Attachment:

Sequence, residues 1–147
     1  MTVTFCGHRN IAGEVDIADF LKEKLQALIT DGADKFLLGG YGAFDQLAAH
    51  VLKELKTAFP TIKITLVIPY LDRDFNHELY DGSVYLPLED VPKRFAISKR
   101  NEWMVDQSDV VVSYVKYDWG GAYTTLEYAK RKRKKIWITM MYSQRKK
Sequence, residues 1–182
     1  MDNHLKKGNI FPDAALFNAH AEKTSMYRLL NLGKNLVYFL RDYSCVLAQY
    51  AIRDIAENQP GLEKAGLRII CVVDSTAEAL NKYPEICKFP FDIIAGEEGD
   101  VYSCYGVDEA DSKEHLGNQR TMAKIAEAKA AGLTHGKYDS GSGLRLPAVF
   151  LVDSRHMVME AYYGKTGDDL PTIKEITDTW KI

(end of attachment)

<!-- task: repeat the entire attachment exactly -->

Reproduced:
Sequence, residues 1–147
     1  MTVTFCGHRN IAGEVDIADF LKEKLQALIT DGADKFLLGG YGAFDQLAAH
    51  VLKELKTAFP TIKITLVIPY LDRDFNHELY DGSVYLPLED VPKRFAISKR
   101  NEWMVDQSDV VVSYVKYDWG GAYTTLEYAK RKRKKIWITM MYSQRKK
Sequence, residues 1–182
     1  MDNHLKKGNI FPDAALFNAH AEKTSMYRLL NLGKNLVYFL RDYSCVLAQY
    51  AIRDIAENQP GLEKAGLRII CVVDSTAEAL NKYPEICKFP FDIIAGEEGD
   101  VYSCYGVDEA DSKEHLGNQR TMAKIAEAKA AGLTHGKYDS GSGLRLPAVF
   151  LVDSRHMVME AYYGKTGDDL PTIKEITDTW KI